“Community involvement in the Netherlands is organised with procedures,” an urban developer mentioned at the closing of a session I attended this week.
As a citizen of the Netherlands, I have been and am part of such procedures. They shape our homes and neighbourhoods. Whenever a developer or the local municipality has a plan, they publish it in the local newspaper and online. They may organise an information evening for the people directly involved. Then, when nobody raises their voice, the plan is approved, and the community involvement checkbox checked. Equally, there are procedures for whenever someone complains. It is all very well arranged.
For instance, when the local government announced that a path behind our new home would become a shell path, some neighbours used a procedure to propose a brick path instead. The municipality followed their choice, resulting in a complaint from another group demanding a greener option. We advised the municipality on alternatives, but eventually, they simply called a vote on shells versus bricks, and the bricks won. Community involved?
I believe not. I believe that the formal and strict procedures that ensure ‘community involvement’ no longer work in a modern society.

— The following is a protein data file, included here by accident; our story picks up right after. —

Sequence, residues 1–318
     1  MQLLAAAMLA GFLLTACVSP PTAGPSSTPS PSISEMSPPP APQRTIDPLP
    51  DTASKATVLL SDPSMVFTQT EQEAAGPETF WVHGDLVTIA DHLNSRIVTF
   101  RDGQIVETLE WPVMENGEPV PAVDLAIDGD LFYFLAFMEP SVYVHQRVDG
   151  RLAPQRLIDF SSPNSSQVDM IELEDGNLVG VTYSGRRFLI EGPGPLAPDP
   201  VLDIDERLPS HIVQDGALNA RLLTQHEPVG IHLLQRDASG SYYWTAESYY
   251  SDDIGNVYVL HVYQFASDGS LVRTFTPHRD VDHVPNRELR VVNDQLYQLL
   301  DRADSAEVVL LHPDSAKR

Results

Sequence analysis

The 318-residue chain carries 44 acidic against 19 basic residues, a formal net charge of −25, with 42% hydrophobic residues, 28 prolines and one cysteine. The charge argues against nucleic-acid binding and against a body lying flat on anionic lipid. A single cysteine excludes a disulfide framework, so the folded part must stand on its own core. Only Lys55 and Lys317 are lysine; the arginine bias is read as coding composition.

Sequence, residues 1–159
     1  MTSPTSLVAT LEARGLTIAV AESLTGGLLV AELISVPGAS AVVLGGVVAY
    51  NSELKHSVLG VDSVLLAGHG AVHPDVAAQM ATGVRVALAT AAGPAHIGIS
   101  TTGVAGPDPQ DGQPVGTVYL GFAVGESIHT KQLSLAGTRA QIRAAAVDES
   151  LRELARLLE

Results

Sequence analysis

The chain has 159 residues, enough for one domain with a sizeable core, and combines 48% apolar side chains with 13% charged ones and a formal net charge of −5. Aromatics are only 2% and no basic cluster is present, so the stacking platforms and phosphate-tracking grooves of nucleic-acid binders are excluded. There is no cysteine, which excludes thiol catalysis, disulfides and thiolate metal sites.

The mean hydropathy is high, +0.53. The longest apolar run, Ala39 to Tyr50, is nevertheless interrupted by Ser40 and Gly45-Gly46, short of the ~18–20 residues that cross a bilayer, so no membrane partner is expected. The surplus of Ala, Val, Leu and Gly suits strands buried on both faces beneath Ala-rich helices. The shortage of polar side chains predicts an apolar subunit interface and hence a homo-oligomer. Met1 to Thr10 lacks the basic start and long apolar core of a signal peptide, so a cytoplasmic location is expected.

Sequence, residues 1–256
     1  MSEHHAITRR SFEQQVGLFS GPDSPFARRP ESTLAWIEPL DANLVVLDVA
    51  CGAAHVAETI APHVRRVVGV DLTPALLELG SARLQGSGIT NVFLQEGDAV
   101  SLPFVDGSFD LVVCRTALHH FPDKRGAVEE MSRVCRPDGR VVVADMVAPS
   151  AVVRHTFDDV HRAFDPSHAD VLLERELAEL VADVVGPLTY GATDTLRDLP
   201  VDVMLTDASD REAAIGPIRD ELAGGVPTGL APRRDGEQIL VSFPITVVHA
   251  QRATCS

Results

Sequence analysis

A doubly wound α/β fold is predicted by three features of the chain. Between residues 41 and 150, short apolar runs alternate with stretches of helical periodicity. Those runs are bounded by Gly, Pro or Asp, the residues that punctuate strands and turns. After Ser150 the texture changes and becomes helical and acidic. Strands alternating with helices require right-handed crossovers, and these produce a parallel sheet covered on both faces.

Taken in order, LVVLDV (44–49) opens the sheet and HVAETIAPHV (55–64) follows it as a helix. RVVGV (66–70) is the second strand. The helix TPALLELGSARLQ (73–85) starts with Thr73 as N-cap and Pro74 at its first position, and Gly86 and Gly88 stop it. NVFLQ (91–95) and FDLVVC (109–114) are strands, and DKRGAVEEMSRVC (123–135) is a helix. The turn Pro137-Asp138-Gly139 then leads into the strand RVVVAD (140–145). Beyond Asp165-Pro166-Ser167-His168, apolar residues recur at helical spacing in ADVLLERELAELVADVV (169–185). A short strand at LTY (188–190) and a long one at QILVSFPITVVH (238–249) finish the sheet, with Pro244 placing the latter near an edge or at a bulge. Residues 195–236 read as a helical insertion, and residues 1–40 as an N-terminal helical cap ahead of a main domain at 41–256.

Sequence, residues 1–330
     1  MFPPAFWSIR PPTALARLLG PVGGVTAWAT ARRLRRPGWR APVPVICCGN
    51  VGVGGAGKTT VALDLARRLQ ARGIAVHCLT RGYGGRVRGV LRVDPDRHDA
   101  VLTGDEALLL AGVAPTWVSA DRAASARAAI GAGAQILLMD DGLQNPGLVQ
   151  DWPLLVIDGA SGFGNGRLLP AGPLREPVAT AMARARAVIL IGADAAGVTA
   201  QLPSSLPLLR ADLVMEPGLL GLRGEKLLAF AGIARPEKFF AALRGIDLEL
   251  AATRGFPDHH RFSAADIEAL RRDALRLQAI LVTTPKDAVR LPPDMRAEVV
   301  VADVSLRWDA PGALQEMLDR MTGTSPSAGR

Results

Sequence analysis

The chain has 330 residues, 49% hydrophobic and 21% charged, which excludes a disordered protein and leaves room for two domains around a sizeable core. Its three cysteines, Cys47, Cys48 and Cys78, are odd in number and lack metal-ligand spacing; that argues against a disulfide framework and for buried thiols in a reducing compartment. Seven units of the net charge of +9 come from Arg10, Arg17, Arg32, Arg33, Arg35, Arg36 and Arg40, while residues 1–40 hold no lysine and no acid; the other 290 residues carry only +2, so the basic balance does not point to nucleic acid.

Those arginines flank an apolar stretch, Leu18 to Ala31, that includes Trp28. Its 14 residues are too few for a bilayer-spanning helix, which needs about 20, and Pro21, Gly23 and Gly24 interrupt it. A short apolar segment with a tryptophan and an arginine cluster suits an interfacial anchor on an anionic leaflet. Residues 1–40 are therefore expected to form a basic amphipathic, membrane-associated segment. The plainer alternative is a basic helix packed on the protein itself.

The procedures pit people against each other, instead of looking for common ground. They ensure the loudest voice has most to say and effectively silence anyone who is not at home in the procedures. Plus, the procedures are easily influenced by people in power.
There is an alternative to procedural community involvement. The Street Art Museum of Amsterdam, for instance, works with hundreds of neighbours for every large artwork they commission in the public space. They go door to door to get feedback and comments on early drafts. In workshops, neighbours have the time to share and understand each other’s position and are invited to influence the final design.
The impact of this approach is considerable. An unassuming neighbourhood is full of unique and site-specific street art by the world’s foremost artists. Each artwork, in turn, is a community effort, reflecting the ideas, hopes, opinions, and values of the neighbours in a way that brings people together.
Community involvement is not a procedure, it is an attitude. The objective of the participation is not to make decisions in a structured, replicable way, but to ensure that everyone who is touched by a decision feels sincerely and genuinely engaged in the decision-making process and represented in the outcomes.
Community involvement is not a forced choice between a shell path and a brick path; it is a conversation that results in a beautiful work of art.